Avinu Malkeinu, hachazireinu bit’shuvah sh’leimah l’fanecha.
Our Father, our King, return us to You in perfect repentance.
Avinu Malkeinu is one of our most prominent and most passionately and powerfully recited tefilos in these days of Aseres Y’mei T’shuvah. In fact, the same is true during the very last moments of N’ilah, which is the climax of Yom Kippur and the 40 days of awe and unique closeness to Hashem.
In almost every shul in which I have davened, the chazan and responders seem most passionate about the ending of the phrases rather than the words “Avinu Malkeinu.” Perhaps we should place at least as much passion into the beginning of each line. I have heard stories and parables that all end with someone being petrified of a major court case as they walk into the courtroom. When the judge makes his appearance, they breathe a huge sigh of relief when they see that the judge is their father.
Although the judgment of every aspect of our lives and that of our loved ones is being sealed on Yom Kippur, the Judge is our loving Father. He chose us as His nation and He loves us more than we can imagine. He is also Malkeinu – the King of all kings. He is All-Powerful and All-Capable. Nothing is out of His abilities.
Regardless of which line of Avinu Malkeinu we are currently saying, what we are asking for is in the hands of our loving, All-Powerful Father. That is something we should feel passionately about and internalize. This bitachon, as we say the two words “Avinu Malkeinu,” will also be a tremendous z’chus for Hashem to grant whatever request is made at the end of the line.
A second consistency I have noticed is that the second responsively recited phrase – “Sh’lach r’fuah sh’leimah... (Send complete recovery…)” – is belted out at a much higher decibel level than the others, and especially much louder than the one before it, “Hachazireinu...”
Without in any way detracting from the heartfelt pleas for those who are ill, perhaps t’shuvah, which is what we are focused on for these ten days (and should be focused on every day), should get the same fervor and passion.
What are we really asking for? Isn’t t’shuvah up to us? How can we even ask Hashem to return us? What is t’shuvah “sh’leimah”?
There are many answers to this, but we would like to focus on one in particular. In these days, there is a heightened focus on seeking and obtaining forgiveness from those we have hurt or harmed in any way. Often, there are people who we do not realize were hurt by us. There have been incidents where people’s feelings have not come out for years. For all those years, they live with the hurt and say nothing. Perhaps one understanding of our phrase is that Hashem should help us by enlightening us when we sit down to think about from whom we need to ask forgiveness. There can be no complete t’shuvah without forgiveness from each person whom we hurt or harmed. We must put forth great effort to think about whom we hurt. However, we need Hashem’s help, as we always do. We need Him to open our eyes to someone we have not thought about.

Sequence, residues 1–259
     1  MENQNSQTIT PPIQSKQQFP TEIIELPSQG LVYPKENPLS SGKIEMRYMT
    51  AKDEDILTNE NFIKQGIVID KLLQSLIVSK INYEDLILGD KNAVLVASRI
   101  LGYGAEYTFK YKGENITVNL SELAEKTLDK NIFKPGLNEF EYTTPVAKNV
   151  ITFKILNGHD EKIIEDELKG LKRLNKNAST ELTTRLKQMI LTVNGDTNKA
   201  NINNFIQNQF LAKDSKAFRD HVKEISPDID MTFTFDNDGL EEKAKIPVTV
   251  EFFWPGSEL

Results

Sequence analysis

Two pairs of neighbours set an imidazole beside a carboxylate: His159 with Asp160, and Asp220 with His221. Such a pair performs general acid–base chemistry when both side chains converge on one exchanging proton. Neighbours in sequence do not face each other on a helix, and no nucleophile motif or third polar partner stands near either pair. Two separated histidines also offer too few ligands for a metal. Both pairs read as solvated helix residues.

Lastly, let us remember the origin of the Avinu Malkeinu prayer. The Gemara in Taanis (25b) relates that during a famine, Rabbi Eliezer, the gadol ha’dor, prayed the longest tefilah of 24 brachos for rain. No rain fell. Then Rabbi Akiva, his student, prayed a very short tefilah (two of the Avinu Malkeinu phrases) and it started raining. A heavenly voice announced: It is not because Rabbi Akiva is greater, but rather simply because Rabbi Akiva was “maavir al midosav.”
HaRav Yisrael Salant explains: There was absolutely nothing wrong with the way Rabbi Eliezer conducted himself. He was exacting. Right was right and wrong was wrong – that was his path of serving Hashem. Since the Jewish people at that time did not deserve rain, and since Rabbi Eliezer was exacting in judging others, he could not bring about the rain. On a judgment level, the people did not deserve the rain at that time.
However, since Rabbi Akiva was not exacting with others and, even when he was 100 percent correct, he nonetheless stepped aside in favor of others and forgave others – even when they were 100 percent wrong – he was able to bring the rain, even though it was not deserved.
The rewards of being “maavir al midos” are no less than overturning decrees, as we see in the above incident, and extending life when death was the true judgment, as seen in another incident related in the Gemara Rosh HaShanah. As the saying goes, “They don’t pay the big bucks for nothing.” It is very difficult to overlook hurt and to forgive others, especially if they haven’t apologized or they apologized half-heartedly.
Ultimately, we are in control of the method of judgment applied to us. Will we be judged exactingly, or will we be judged with the compassion and “above-and-beyond” measure we apply to others? It is all in our hands.
May we all merit a g’mar chasimah tovah and a complete m’chilah, s’lichah, and kaparah this Yom Kippur.